Q. Last week, one of your paper's letter writers said that, at age 21, Barry Soetoro changed his name to Barack Obama in keeping with the requirements of the Islamic faith for a boy reaching adulthood. I'd never heard of him changing his name before. Is this true?
-- A.R., of Belleville
A. I know my paper's philosophy is to let people have their say (within legal limits) and the truth will win out (hopefully). But I sometimes think we should consider offering an occasional editor's note when writers take a particularly flagrant departure from reality.
This would have been one of those times. From every reputable source I can find, there is no evidence that the president ever took the name "Soetoro" -- and he certainly was known as Barack Obama long before his 21st birthday.
I'm not going to belabor the point, because I'll never convince such groups as the die-hard birthers who undoubtedly will fill my e-mailbox again Monday. But let's do a quick review to understand the allegation:
He was born Barack Obama in Honolulu on Aug. 4, 1961, to Ann Dunham and Barack Obama Sr. The couple soon separated and divorced, and Dunham went on to marry Lolo Soetoro, an Indonesian graduate student, in 1965.
There is no evidence that "Barry" Obama, as he often was called as a boy, ever took his stepdad's name, Soetoro. The only name change he made was to demand the use of his formal first name, because he liked Barack better than Barry. His half sister Maya has said that on Christmas 1980, Obama told his mother and grandparents to stop calling him Barry.
Note the time frame: He was only 19. And that's not the only proof. After graduating from the Punahou School in Honolulu, Obama enrolled in Occidental College, where Jim Tranquada, the school's director of communications, has said that its 1979-1980 freshman "Lookbook" lists a Barack Obama. Again, this is three years before his 21st birthday.
Now, often much is made of some survey of 400 people who don't remember Obama ever attending Columbia College. Well, there are several documented cases of people who do, including Michael Baron, who told NBC News that, as a senior, Barack Obama aced Baron's honors foreign policy seminar.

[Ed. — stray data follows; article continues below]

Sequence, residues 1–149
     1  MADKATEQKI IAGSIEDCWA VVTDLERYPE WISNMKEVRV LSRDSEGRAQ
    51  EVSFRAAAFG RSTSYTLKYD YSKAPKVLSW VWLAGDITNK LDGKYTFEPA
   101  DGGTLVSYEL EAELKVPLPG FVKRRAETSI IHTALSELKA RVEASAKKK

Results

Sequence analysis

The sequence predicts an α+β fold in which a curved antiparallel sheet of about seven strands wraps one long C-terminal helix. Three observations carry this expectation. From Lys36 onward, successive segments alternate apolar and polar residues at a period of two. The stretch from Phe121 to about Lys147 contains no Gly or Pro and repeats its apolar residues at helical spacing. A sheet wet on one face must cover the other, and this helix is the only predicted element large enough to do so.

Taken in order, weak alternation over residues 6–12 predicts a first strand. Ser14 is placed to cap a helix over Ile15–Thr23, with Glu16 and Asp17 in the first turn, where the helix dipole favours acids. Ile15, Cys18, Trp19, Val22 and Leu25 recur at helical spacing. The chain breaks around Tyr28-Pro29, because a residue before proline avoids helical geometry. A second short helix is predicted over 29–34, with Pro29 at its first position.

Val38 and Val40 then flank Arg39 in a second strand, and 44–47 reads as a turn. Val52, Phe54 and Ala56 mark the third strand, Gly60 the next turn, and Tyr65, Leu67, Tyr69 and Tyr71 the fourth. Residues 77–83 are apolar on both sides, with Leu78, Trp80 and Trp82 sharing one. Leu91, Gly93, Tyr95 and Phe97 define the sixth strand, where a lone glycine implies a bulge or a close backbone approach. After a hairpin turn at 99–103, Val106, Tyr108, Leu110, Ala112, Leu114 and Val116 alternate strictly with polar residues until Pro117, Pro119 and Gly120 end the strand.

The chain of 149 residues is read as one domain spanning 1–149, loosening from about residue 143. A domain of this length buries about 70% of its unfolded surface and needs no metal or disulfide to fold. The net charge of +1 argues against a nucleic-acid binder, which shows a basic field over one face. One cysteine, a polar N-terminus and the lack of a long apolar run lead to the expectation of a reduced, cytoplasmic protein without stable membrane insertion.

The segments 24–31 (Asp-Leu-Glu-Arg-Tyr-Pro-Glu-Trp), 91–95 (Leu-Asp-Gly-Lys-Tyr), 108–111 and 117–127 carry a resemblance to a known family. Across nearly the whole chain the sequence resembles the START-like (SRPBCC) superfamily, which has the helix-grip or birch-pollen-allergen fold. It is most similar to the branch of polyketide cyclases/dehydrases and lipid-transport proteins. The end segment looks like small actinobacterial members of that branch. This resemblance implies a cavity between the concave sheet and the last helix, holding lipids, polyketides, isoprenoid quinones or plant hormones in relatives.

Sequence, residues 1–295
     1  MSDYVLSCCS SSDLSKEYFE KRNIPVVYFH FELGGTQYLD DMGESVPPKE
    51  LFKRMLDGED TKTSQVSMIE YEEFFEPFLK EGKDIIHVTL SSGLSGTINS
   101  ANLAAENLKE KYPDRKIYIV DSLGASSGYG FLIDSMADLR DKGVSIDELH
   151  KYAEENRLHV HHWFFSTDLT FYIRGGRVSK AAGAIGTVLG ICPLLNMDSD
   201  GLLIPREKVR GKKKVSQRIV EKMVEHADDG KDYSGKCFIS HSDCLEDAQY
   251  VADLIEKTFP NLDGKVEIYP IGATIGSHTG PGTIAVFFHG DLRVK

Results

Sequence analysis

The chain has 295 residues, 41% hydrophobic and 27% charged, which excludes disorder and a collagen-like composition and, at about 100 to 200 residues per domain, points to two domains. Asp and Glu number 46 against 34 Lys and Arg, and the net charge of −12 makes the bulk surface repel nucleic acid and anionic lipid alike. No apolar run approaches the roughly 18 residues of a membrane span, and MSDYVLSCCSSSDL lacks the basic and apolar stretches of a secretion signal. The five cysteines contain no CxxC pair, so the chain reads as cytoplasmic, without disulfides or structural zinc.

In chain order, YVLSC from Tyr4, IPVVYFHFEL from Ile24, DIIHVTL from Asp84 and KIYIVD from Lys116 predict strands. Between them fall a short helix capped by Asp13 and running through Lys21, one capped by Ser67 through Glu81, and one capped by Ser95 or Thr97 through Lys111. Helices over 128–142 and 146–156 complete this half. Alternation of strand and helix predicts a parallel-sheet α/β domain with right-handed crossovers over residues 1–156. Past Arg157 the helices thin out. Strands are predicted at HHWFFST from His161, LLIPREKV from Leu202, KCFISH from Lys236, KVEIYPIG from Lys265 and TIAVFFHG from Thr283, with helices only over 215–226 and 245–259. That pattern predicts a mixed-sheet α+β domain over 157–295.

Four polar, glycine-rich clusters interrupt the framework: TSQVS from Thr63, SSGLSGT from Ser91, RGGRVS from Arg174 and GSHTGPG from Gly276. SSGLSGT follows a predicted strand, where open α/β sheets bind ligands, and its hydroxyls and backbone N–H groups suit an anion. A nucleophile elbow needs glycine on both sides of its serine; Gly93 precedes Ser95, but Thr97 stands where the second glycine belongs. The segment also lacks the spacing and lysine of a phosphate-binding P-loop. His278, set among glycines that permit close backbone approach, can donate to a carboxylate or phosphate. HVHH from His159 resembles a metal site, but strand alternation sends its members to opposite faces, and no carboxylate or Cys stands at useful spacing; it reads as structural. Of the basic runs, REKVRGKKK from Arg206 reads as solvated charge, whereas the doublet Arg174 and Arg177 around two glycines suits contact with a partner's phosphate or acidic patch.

There are also various ID cards floating around the Internet, showing, for example, Barry Soetoro as a student at Columbia in 1981. But this, too, has been proven to be a fake because Columbia did not use that particular style of card until 1998 and that the card's ID number belonged to another student at that time, according to snopes.com.
So, no, he's not a Muslim, radical or otherwise, and he did not change his name at age 21 -- not that I think any of this matters to those whose minds are made up. I mean I have an acquaintance who believes that the Illuminati not only have forged Obama's Hawaiian birth certificate but his birth date as well. Why? So that we won't find out that he was born on the day the Antichrist was predicted to have entered the world. I wish I were joking. ...
Q. Can high fructose corn syrup be substituted for sugar in hummingbird feeders? My daughter-in-law has two dozen feeders, and it takes a lot of sugar to make the nectar.
-- Rose, of Millstadt
A. I'd like to say that making such a switch is for the birds, but I'm afraid I might be misinterpreted. So, let me be perfectly clear: According to the majority of experts, hummingbird nectar always should be made from common table sugar (sucrose), says Kathy O'Neill, owner of Wild Birds Unlimited in Swansea.
Without getting into the differences between monosaccharides (fructose) and disaccharides (sucrose), I'll let Kathy get to the heart of the matter:
"(Table sugar) is the closest possible duplicate of natural flower nectar," she said. "We do not recommend any alternatives such as honey, artificial sweeteners, raw sugar, organic sugar, brown sugar or agave nectar. They contain ingredients that may be directly harmful or could build up with regular feeding and become harmful."
She says fructose is found in fruits and honey, but these do not attract hummingbirds in nature. So stick with table sugar in a ratio of four parts water to one part sugar. Equally important, O'Neill said, do not add any red dyes to attract more birds; none has been deemed safe for our feathered friends.
When McDonald's started selling its Big Mac in Moscow in 1988, what did they call it?
Answer to Saturday's trivia: So, who was the first Felix Ungar in "The Odd Couple"? Why, none other than Art Carney, who, as Ed Norton, often drove Jackie Gleason bananas on "The Honeymooners." In "The Odd Couple," Carney starred opposite Walter Matthau from the show's Broadway opening in March 1965 to October 1965.
Send your questions to Roger Schlueter, Belleville News-Democrat, 120 S. Illinois St., P.O. Box 427, Belleville, IL 62222-0427 or firstname.lastname@example.org.